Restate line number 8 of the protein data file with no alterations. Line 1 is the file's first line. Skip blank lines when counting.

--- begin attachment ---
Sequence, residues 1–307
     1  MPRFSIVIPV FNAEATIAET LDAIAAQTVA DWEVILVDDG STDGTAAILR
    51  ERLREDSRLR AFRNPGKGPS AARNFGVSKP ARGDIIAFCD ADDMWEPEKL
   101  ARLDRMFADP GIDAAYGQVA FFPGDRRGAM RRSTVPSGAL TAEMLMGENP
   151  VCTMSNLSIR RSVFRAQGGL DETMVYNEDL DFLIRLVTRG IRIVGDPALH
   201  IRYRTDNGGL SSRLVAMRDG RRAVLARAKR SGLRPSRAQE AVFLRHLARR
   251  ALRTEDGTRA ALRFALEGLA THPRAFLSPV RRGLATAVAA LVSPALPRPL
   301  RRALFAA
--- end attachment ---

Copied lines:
   301  RRALFAA